Lieutenant Colonel H. Marino Hannesson
223rd (Canadian Scandinavians) Battalion
Col. Hannesson thinks we should have a Canadian flag. He sets forth the case for it in much the same way we have seen it stated with monotonous repetition over a course of several years. The agitation comes from the same small source but sustained as it has been by a clique that arrogates to Itself the shaping of Canada’s destiny, nothing comes of It. It is a babbling stream that never lengthens, never widens, never rises. The people of Canada, broadly speaking, have taken no interest in it.
(Winnipeg Tribune, 24 Jan 1928, 9)
Born in Iceland on 27 November 1884, Hannes Marino Hannesson immigrated with his family to Manitoba in 1886. A graduate of the University of Manitoba, Hannesson practiced law in Winnipeg and Selkirk at the outbreak of the First World War. A member of the 90th Winnipeg Rifles, he enlisted as an officer with Lieutenant Colonel Hans Albrechtsen’s 223rd Battalion in March 1916.
Lieutenant Colonel Wade L. Jolly
97th (American Legion) Battalion
I am an American though having sworn allegiance to His Majesty King George, and I most respectfully submit that the treatment I have received since I have been in the Canadian Expeditionary Force in England has been a burning disgrace.
(Court martial of Lt. Col. Jolly, 23 Aug 1917)
Born on 18 January 1878 in Iowa, Wade Lytton Jolly was an American soldier, adventurer and businessman. At the age of 19, he enlisted to fight in the Spanish-American War. In 1899, he joined the United States Marine Corps. Serving for fourteen years, he saw action in many overseas military campaigns including China and Panama. During the Boxer Rebellion, Jolly distinguished himself in several acts of “conspicuous gallantry.” His superior, Major Littleton Walker, enthused, “The reports of Mr. Jolly’s conduct are most flattering and they come in from all sides. This is the second time I have had occasion to make special mention of this young officer during the week.”
Lieutenant Colonel J. A. R. de Salaberry
230th (Voltigeurs Canadiens-Français) Battalion
I thought the name DeSalaberry would thrill the people of Quebec, but let us be frank and tell the story… he was practically assaulted by the parish priest… I thought the grandson of the hero of Chateauguay was entitled to some recognition and he got it. But everywhere there was a hidden hand.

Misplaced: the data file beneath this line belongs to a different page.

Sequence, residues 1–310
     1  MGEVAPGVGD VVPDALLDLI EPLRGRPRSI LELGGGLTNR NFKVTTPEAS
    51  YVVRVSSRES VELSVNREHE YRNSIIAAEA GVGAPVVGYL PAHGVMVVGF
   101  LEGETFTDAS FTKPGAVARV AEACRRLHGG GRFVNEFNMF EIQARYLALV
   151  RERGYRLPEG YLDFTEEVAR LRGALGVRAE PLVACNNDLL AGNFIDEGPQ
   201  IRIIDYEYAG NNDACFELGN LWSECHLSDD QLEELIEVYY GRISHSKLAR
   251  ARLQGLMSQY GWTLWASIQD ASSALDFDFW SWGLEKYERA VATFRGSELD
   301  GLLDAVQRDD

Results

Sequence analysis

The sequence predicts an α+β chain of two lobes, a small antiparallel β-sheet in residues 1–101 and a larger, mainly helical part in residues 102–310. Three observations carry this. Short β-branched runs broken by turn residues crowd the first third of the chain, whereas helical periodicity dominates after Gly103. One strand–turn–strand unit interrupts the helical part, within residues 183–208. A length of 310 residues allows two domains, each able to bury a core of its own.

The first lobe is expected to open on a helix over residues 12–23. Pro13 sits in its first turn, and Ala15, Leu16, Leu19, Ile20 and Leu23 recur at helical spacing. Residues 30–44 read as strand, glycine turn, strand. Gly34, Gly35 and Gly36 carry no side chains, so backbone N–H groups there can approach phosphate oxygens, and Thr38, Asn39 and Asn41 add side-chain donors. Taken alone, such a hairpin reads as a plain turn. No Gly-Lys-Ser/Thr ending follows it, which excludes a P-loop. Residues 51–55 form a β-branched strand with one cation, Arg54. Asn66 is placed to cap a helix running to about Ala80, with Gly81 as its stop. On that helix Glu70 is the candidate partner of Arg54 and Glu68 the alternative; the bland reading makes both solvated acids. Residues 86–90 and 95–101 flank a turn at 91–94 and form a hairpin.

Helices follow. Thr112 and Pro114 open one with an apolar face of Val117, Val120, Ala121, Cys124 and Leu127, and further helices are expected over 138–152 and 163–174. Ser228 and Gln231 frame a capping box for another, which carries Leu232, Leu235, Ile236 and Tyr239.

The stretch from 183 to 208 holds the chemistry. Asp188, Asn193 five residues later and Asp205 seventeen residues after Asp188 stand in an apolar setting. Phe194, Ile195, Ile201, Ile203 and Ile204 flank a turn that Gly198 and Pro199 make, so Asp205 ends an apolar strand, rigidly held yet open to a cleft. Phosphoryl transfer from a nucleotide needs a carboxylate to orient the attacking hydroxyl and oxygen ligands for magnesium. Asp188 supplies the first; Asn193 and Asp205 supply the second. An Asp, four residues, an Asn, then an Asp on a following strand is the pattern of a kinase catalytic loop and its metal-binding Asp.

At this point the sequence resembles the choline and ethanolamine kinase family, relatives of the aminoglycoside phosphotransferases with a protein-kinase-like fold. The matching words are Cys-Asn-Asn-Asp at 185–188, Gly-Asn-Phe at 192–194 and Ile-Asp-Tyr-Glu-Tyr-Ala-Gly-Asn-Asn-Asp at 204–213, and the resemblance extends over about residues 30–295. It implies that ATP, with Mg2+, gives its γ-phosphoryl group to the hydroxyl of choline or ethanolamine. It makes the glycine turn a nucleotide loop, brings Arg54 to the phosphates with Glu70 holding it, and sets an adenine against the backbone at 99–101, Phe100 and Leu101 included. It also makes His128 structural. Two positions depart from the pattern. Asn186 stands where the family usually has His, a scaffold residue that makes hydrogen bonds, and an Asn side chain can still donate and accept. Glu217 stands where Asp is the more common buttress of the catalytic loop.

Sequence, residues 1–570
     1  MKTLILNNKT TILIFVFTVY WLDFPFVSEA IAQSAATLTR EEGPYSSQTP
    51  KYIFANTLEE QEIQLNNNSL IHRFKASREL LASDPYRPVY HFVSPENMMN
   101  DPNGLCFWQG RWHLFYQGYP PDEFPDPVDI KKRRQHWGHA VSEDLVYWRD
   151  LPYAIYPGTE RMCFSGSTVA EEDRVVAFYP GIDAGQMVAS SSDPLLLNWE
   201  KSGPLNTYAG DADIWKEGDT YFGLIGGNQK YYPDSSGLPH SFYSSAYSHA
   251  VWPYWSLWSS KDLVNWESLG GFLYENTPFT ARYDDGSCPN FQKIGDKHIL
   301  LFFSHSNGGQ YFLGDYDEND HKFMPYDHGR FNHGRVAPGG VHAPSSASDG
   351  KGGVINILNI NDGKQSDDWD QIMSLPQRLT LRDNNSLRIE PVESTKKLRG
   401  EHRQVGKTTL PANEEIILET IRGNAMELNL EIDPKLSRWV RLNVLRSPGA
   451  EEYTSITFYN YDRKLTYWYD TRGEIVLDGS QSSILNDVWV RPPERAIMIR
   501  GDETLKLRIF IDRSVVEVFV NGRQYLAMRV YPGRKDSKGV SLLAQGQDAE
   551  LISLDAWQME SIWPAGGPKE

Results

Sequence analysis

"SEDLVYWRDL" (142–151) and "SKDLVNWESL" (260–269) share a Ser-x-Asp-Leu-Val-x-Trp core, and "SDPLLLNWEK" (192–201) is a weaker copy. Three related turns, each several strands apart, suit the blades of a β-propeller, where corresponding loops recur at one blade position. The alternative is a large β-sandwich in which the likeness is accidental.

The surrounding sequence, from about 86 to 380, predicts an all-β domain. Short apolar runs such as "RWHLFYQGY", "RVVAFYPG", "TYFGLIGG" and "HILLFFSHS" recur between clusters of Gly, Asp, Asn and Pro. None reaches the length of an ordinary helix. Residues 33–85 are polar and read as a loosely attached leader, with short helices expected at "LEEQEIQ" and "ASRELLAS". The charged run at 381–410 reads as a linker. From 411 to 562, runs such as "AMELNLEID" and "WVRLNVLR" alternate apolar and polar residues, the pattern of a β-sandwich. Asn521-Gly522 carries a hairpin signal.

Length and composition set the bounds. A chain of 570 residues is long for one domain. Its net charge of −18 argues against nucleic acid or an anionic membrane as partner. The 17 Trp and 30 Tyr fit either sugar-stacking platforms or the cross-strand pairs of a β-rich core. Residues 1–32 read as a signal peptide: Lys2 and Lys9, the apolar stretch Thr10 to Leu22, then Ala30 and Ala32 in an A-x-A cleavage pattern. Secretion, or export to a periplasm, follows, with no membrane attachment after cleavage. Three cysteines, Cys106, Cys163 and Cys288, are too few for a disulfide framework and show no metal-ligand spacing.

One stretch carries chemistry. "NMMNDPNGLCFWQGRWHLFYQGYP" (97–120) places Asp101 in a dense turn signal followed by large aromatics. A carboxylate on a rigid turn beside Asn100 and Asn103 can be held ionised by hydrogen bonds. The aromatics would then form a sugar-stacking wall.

(Sam Hughes, Debates, 8 April 1918, 411)
Joseph Alexandre René de Salaberry was the grandson of Charles de Salaberry, the famous War of 1812 military leader. During the American invasion of Lower Canada in 1813, Colonel de Salaberry led the Canadien militia defence of Montreal. For his victory at Chateauguay, he became a celebrated war hero in the history of Quebec.
Born on 2 July 1870 in Chambly, Quebec, J. A. R. de Salaberry was a graduate of Laval University, a lawyer and advocate with the King’s Counsel. At the outbreak of the First World War, he enlisted at Valcartier in the 2nd Battalion. Following frontline service in France, de Salaberry returned to Canada in order to recruit a French Canadian unit.
It seems fitting to begin this project with Professor P. G. C. Campbell of the 253rd Battalion, a man who understood the value of historical inquiry.
Lieutenant Colonel P. G. C. Campbell
253rd (Queen’s University) Highland Battalion
We moderns, however go with magnifying glass and dissecting knife to the past, attempting to discover how our forebears lived and thought, and ever present in our researches is the question, how do these things throw light on ourselves; to what extent can we trace a continuity of process between the past and the present?
(P.G.C. Campbell, “Early Roman Religion,” Queen’s Quarterly, 1909, 58)
Percy Gerald Cadogan Campbell was a professor of Romance languages and French at Queen’s University in Kingston, Ontario from 1902 until his retirement in 1949. The son of a Scottish Anglican chaplain, Campbell was born on 8 January 1878 in Calais, France. After graduating from Balliol College, Oxford, he moved to Canada in order to take a teaching position at Queen’s. In Kingston, Campbell joined the 14th Militia Rifles (The Princess of Wales’ Own), rising to the rank of major.
In mobilizing the Canadian Expeditionary Force, Minister of the Militia Sam Hughes called on hundreds of prominent citizens to raise volunteer battalions from their home counties. Militia leaders, lawyers, Tory politicians and businessmen answered the call. The battalion system was fraught with competition, corruption and partisanship. At the same time, the recruitment strategy reflected the Canadian political culture of the early 20th Century. Community leaders with close connections to the militia, politics and business, staked their personal and professional reputations to gather local volunteers for overseas service. Many of the middle-aged colonels fully expected to lead their men on the battlefields of France. Most were disappointed and humiliated when British and Canadian military officials broke up the battalions and sent the former commanders packing.